What makes the fight scene from The Princess Bride work so well? The most important bit is that we’re not supposed to take it seriously. Early in the film, Inigo Montoya faces off against…we’ll just call him the Dread Pirate Roberts for those who haven’t seen the movie yet. It’s not a battle of swords so much as it’s a battle of dialogue and movie cliches.

Fight scenes build tension by continuing to escalate. This is why the hero almost always loses the first half of the fight – to escalate the drama and remind us that the stakes aren’t victory and loss, but life and death. It’s why fist fights break into sword fights that end in gun fights, or why kickboxing matches result in entire bars being destroyed, or why a hero faces off against increasingly skilled opponents rather than fighting the toughest one first. Fight scenes tell their stories through escalation.

The Princess Bride is a comedy. How do you escalate the dramatic tension in a comedic fight scene? Death, blood, and destruction is tense, not funny, but if you don’t have increasing stakes, your scene lies flat.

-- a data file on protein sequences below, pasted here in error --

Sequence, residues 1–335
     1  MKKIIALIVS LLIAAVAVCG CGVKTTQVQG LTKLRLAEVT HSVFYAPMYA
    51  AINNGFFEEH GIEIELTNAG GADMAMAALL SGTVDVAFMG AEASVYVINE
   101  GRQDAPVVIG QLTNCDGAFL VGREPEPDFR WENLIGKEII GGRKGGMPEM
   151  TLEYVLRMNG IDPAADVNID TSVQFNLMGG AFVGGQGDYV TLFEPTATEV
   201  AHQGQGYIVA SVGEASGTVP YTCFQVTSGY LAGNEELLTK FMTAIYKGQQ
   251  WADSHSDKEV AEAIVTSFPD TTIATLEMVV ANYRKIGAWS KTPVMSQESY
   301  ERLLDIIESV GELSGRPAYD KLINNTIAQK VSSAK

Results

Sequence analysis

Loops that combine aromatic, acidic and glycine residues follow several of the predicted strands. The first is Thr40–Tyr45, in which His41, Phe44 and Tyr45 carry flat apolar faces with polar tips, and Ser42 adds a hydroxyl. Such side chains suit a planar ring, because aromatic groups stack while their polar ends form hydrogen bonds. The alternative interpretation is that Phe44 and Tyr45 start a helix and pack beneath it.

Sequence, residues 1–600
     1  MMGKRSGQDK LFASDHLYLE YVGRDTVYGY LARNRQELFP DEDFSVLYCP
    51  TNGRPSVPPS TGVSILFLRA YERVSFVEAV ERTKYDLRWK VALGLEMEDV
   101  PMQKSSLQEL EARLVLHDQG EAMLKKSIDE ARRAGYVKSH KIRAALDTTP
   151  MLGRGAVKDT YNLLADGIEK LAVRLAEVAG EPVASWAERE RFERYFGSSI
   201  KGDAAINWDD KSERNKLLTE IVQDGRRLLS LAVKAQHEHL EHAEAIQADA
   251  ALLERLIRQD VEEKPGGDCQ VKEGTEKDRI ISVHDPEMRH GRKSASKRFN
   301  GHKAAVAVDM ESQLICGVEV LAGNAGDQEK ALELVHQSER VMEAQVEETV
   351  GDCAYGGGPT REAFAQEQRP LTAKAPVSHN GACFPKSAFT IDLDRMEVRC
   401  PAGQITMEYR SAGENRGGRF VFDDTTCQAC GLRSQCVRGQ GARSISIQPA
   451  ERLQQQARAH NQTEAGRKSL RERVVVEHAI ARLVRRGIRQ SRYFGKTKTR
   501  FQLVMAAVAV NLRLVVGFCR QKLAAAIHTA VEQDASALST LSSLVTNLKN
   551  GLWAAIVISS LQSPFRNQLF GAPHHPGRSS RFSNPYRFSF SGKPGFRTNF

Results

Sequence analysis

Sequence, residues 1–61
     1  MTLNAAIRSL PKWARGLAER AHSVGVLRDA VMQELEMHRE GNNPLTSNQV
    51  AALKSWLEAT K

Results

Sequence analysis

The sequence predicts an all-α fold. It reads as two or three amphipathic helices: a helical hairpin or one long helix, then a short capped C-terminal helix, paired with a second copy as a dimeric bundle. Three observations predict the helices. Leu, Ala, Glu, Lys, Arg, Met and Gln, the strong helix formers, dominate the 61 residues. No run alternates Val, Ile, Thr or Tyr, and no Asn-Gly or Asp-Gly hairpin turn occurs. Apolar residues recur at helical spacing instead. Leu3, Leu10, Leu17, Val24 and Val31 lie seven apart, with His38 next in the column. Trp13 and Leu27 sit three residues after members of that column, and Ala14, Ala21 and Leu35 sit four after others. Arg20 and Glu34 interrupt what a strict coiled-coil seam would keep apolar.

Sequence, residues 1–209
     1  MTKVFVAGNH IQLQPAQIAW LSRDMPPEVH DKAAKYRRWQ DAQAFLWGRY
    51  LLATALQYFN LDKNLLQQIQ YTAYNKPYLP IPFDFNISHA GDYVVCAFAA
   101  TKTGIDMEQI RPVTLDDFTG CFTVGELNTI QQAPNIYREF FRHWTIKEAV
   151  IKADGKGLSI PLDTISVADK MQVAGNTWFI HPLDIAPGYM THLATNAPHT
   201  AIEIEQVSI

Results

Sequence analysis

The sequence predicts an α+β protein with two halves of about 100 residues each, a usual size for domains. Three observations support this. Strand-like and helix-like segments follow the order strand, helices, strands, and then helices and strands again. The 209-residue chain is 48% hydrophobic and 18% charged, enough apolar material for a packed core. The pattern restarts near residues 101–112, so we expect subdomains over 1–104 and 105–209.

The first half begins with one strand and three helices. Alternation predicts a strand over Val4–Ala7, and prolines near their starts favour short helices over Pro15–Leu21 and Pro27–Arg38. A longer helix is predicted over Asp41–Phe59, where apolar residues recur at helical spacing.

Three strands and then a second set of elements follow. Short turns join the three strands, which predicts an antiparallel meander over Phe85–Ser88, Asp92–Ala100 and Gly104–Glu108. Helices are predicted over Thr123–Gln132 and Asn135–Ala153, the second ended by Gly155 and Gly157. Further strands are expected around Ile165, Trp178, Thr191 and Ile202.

As in any fight scene, you have to communicate to the audience the level of talent each fighter has at the beginning. The Spanish fighter Inigo (Mandy Patinkin) delivers an opening salvo. Then the masked pirate Roberts (Cary Elwes) delivers the same return salvo. Because it’s a comedy, they even switch staging and framing between the two salvos. They’re testing each other out, but visually, this tells us they’re at a fairly equal level.

The choreography at the beginning isn’t complicated. It’s deliberately made to feel rote and effortless. The combat isn’t in the swords at this point – the two men are still fighting each other with dialogue, each letting the other know just how knowledgeable a fencer he is.

What’s exceptionally clever here is that they quote historical fencing masters and their techniques. In a movie about a fantasy world, they’re trumpeting their real-world knowledge. As for how much they emulate those techniques as they quote them, I can’t say – I’m not a fencer.

The scene continues to escalate – it’s soon revealed that Inigo, fighting left-handed this entire time, isn’t really left-handed. He switches hands and bests Roberts for a moment. Then Roberts counters not with a move, but with a realization of his own – he’s not left-handed either.

Inigo loses his sword. He loses his balance when leaping off the staircase for it. Roberts throws his own sword down and performs a backflip to get it.